- The Washington Times
Thursday, June 24, 2021

Republican gubernatorial candidate Glenn Youngkin said he will take aim at Virginia’s growing human-trafficking problem with a plan to increase prosecutions and penalties as well as hold tech companies accountable for activity on their platforms.

Mr. Youngkin, who hosted a roundtable on the issue last week with survivors and stakeholders, seeks to “use the full weight of the law to end modern-day slavery in Virginia and empower survivors,” according to a memo shared with The Washington Times.

“When I am governor, we will not only bring the full weight of the law down on traffickers and buyers, we will also equip survivors to heal and flourish,” Mr. Youngkin said. “Human trafficking is slavery in our time. It leads to the tragic consequences of lives lost to addiction and suicide. I commit today to end this exploitation, end this abuse, and to rid our state of this evil criminal enterprise.”

His plan includes creating a gubernatorial anti-trafficking task force; forming a coalition of prosecutors, law enforcement and survivors, and addressing the “demand side of trafficking” by hiking prosecutions and hitting violators with jail time as opposed to fines.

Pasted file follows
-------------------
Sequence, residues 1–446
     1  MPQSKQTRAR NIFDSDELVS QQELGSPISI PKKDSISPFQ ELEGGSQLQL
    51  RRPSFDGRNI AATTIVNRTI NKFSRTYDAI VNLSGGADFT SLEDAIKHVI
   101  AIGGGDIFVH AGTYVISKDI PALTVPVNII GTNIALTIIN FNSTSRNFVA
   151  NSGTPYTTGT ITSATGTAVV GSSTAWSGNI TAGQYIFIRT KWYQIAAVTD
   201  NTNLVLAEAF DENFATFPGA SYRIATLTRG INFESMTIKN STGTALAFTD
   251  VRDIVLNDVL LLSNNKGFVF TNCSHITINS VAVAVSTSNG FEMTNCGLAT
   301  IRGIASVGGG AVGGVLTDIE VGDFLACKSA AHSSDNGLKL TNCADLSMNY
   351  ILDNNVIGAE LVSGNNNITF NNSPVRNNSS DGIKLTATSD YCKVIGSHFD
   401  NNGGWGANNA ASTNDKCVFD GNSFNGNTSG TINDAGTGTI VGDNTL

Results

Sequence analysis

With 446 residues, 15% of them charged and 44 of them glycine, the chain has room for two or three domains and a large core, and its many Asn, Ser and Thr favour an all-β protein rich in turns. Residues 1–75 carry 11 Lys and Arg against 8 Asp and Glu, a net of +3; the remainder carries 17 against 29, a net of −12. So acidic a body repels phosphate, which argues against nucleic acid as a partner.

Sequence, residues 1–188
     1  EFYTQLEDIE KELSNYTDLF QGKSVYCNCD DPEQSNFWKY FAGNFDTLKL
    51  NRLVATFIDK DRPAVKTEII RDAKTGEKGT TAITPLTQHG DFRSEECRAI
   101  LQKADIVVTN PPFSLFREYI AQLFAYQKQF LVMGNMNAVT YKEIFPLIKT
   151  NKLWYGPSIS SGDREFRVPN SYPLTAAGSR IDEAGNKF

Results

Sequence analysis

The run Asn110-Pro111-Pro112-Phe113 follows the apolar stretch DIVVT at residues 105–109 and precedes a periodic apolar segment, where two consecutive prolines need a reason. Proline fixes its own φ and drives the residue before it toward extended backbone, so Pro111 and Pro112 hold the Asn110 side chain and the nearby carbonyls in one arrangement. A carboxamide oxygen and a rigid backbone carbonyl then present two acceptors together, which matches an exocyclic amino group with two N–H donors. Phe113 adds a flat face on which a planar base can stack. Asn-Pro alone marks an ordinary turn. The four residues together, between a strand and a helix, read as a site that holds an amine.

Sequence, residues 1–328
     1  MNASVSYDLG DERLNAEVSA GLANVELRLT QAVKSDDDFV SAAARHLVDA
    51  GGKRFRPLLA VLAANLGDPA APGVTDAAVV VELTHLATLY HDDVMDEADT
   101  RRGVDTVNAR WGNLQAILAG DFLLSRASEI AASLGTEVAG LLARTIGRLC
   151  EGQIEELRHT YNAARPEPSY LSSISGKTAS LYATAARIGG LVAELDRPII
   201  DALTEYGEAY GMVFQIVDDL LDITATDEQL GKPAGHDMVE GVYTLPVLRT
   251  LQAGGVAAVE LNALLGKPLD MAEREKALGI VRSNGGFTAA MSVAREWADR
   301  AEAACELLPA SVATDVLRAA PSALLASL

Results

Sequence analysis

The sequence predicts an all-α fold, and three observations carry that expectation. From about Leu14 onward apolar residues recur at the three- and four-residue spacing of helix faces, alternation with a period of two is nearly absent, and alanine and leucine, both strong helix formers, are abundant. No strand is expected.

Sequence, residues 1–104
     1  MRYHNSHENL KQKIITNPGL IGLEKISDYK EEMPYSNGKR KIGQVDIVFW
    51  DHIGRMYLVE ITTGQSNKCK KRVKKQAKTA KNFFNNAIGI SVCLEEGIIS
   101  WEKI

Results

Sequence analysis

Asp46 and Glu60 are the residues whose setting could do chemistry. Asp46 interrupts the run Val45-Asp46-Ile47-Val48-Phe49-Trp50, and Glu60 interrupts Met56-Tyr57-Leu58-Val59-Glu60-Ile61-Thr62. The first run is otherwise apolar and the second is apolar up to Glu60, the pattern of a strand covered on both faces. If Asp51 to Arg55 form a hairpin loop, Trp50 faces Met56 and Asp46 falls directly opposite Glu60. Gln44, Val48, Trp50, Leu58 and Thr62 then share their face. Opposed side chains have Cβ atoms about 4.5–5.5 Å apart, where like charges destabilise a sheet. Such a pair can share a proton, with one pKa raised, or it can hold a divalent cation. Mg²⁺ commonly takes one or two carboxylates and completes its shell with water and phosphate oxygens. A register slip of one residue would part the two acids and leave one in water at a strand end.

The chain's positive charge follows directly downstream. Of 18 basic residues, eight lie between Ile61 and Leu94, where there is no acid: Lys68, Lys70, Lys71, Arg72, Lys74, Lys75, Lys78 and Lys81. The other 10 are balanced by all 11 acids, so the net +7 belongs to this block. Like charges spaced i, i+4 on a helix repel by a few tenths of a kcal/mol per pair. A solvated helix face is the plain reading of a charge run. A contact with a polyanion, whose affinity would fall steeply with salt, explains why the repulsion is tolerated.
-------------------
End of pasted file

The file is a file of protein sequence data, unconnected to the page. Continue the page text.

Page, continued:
The campaign platform includes focusing on Illegal massage businesses [IMBs] that serve as human-trafficking hubs. In Virginia, there are 339 such suspected businesses, 75 of which are within a mile of a public school.

Glenn will lead the fight to end modern-day slavery in Virginia with a survivor-first, trauma-informed, consequences-enforced approach that brings justice to traffickers and those participating in human trafficking, and prepares and empowers survivors for a better future,” said the memo.

Fairfax County has struggled with human trafficking thanks to its proximity to the D.C. metro area, with more than 200,000 such transactions per year, according to county figures.

Mr. Youngkin, a successful businessman who faces former Democratic Gov. Terry MacAuliffe in the November election, also plans to push social media companies to do more to fight trafficking on their platforms.

His roundtable was held at the Falls Church Marriott Fairview Park.

• Valerie Richardson can be reached at vrichardson@washingtontimes.com.

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